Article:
“The beginning of Krishna consciousness and devotional service is hearing, in Sanskrit called shravanam. All people should be given the chance to come and join devotional parties so that they may hear. This hearing is very important for progressing in Krishna consciousness. When one links his ears to give aural reception to the transcendental vibrations he can quickly become purified and cleansed in the heart.” (The Nectar of Devotion, Ch 10)
Friend1: I’ve often heard you say that the nicest thing you can do for someone is leave written words. Books, poems, letters and the like.
Friend2: That is personal opinion, based on the impact such artifacts have had on me. I am not claiming an absolute rule that is passed on from authority or anything.
Friend1: Okay, but it is still interesting enough. I want to juxtapose with the modern-day practice of binge-watching.
Friend1: For those who are unfamiliar, with the digital transformation has come convenience in viewing television and film.
Friend2: No more stocking up on VHS tapes, rewinding them when you’re done, and keeping an inventory.
Friend1: DVDs were the first sign of change. In a small “digipak” you could get an entire season’s worth of a television show. Change the discs periodically, but the full day could be spent watching one thing.
Friend2: Yes. I myself never made it that far, though I intended to several times.
Friend1: Today you can subscribe to a digital streaming service and be set for life. They’ll keep track of what you watched, in case you lose your place. They will make suggestions based on similarities in genre and the like.
Friend2: It uses something called data mining. A popular term today is “machine learning.”
Friend1: Anyway, so many people like to binge-watch. It is a popular way to pass the time. I was thinking that perhaps it would be helpful if the Vedas were available in such a format.
Friend2: Oh? You think people would take an interest?
Friend1: I understand that another word for the Vedas is shrutis. “That which is heard.” Lord Brahma, the creator, did not see anything at first. He meditated and found the Supreme Lord within the heart. He received aural instructions. There wasn’t something like a printed instruction manual with pictures.
Friend2: This is with respect to how to go about creating the universe, generating the body types known as the species, and the like?
Friend1: Yes. I will say that was a different time period. Even thirty years ago people were very interested in books, but I don’t know about today. Do not the messengers sent from above have to adapt?
Friend2: I’m not saying that it is a total waste of time. For sure, even plays depicting the pastimes of Bhagavan help audience members take an interest. Yet there is still something to the sound. It is known as shabda-brahman. This is the sound of the Absolute Truth. It is the most effective way to associate with transcendence.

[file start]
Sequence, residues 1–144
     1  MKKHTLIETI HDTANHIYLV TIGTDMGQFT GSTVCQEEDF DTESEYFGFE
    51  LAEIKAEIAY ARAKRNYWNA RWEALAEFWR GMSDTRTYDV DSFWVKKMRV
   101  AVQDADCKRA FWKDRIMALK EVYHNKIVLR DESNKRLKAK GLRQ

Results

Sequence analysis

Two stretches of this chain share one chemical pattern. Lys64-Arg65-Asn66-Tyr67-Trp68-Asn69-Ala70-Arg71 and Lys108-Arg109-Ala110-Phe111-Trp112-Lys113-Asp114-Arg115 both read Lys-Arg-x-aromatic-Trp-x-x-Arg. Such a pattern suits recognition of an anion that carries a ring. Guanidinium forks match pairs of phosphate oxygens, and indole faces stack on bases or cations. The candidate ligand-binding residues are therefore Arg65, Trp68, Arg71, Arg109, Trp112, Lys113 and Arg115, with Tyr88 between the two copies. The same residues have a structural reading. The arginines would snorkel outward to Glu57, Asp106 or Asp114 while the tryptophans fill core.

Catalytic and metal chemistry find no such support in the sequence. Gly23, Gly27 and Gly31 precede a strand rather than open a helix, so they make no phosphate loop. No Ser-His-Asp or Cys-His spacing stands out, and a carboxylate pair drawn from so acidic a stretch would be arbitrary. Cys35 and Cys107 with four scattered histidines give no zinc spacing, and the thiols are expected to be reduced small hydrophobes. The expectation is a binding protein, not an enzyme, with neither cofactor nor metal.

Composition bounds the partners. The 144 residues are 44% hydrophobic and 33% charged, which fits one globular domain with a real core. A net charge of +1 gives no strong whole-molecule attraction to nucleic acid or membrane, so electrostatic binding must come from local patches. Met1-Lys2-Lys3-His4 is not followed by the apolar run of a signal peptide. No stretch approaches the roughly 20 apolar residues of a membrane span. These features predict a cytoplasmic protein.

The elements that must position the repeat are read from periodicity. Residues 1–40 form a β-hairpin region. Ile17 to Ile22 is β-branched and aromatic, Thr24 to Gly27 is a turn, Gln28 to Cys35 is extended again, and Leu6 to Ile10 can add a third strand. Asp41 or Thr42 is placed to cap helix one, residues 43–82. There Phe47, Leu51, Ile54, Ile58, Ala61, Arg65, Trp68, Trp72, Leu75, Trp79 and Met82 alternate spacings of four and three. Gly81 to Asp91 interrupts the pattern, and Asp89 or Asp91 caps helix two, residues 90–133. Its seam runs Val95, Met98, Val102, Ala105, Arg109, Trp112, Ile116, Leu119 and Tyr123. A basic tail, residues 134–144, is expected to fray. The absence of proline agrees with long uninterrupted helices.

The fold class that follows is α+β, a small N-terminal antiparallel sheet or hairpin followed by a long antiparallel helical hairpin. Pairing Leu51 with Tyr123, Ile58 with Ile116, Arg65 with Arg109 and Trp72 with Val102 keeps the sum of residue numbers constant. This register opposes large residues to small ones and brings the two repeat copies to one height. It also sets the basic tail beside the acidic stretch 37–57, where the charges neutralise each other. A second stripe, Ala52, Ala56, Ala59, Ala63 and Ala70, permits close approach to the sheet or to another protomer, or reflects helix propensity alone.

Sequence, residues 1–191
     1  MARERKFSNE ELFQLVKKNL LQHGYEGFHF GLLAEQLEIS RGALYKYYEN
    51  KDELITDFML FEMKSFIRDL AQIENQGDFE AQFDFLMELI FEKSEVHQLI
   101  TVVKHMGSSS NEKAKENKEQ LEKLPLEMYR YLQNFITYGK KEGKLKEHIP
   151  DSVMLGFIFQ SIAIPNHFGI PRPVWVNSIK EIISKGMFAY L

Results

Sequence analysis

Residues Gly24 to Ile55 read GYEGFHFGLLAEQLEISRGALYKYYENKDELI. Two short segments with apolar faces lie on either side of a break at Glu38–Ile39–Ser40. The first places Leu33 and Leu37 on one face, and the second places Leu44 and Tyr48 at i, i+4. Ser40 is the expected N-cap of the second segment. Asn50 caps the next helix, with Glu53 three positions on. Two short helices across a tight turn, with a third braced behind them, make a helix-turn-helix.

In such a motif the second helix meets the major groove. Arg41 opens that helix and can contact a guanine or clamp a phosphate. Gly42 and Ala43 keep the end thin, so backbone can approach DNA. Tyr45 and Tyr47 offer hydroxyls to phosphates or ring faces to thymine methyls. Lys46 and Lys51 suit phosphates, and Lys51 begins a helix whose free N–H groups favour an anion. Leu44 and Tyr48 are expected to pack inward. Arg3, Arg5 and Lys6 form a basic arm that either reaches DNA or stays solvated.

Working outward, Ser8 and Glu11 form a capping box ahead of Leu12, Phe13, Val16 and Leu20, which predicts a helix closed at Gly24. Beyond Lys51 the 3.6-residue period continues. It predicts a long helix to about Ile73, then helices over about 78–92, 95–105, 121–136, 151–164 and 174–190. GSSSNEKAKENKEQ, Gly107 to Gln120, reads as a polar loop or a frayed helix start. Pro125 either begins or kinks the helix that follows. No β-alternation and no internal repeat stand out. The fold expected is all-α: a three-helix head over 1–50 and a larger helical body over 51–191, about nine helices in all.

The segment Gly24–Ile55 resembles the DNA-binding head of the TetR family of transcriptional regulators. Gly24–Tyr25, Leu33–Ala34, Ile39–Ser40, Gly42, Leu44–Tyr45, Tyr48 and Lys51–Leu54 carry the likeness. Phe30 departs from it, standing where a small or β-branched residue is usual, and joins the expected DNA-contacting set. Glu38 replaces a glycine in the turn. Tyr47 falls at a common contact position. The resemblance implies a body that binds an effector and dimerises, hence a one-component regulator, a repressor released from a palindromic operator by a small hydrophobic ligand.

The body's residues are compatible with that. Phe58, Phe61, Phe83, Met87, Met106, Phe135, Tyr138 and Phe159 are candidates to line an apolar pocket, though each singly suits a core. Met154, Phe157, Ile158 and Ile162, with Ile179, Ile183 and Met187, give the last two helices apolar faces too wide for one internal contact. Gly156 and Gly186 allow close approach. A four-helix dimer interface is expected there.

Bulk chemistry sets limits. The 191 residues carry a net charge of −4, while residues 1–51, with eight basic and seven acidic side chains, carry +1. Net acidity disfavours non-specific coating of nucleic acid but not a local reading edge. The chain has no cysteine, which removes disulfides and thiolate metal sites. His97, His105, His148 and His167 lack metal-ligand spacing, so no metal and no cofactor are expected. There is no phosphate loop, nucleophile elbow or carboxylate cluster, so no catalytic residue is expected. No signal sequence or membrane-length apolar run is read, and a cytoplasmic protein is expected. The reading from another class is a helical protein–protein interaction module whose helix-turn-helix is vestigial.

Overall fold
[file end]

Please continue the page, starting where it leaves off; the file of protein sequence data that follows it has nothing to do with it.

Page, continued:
Friend1: But why? Are you saying it is more impactful for me to spend a day reading a book like Shrimad Bhagavatam than watching a television program depicting the same?
Friend2: Absolutely. No doubt about it. You can make a test of it. With television people tend to focus on the imagery. The content is secondary. It is only natural. With sound you are forced to pay attention. You have to process the information and then react accordingly.
Friend1: What about the argument that certain people learn more quickly through video instruction than through books?
Friend2: There is still hearing involved. That may be a good way to get jnana, but vijnana is at the personal level through active participation. That is what I am driving at. Whatever your preferred medium, at least create a daily routine of chanting the holy names: Hare Krishna Hare Krishna, Krishna Krishna, Hare Hare, Hare Rama Hare Rama, Rama Rama, Hare Hare. Even just seeing those words printed has a positive impact. Images otherwise have an illusory effect.
Friend1: How so?
Friend2: Rakshasas on the battlefield used to display false images to dispirit the side fighting for good, such as the Vanaras from Kishkindha. It is a great trick of the news business to play on people’s emotions through images. They can create a false narrative more easily that way. If you appeal to people’s intellect, you have to come up with an intelligent argument.
Friend1: Meaning it requires more work to convince them.
Friend2: Yes. Vishnu-tattva is about the real thing. You don’t need any false imagery. The message appeals directly to the soul, which already has knowledge incorporated in its existence. Sach-chid-ananda. The sound of the shrutis is for bringing back that unmatched bliss and keeping it moving forward.
Why not into movies made?
So that better attention paid.
To Vedas of profound teaching,
Through video more people reaching.
On purpose first presented as sound,
Ears not distracted by display target found.
Also harder with illusion mistaking,
From holy name Absolute Truth taking.